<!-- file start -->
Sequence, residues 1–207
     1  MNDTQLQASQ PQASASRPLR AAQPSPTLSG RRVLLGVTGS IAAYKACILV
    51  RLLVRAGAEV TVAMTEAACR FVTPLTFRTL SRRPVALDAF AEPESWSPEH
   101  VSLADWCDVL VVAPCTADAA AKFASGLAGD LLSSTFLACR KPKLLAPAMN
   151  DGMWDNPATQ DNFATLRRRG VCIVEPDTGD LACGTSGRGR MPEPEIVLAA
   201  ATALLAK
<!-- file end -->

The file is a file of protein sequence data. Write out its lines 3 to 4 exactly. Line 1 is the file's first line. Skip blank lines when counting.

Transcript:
    51  RLLVRAGAEV TVAMTEAACR FVTPLTFRTL SRRPVALDAF AEPESWSPEH
   101  VSLADWCDVL VVAPCTADAA AKFASGLAGD LLSSTFLACR KPKLLAPAMN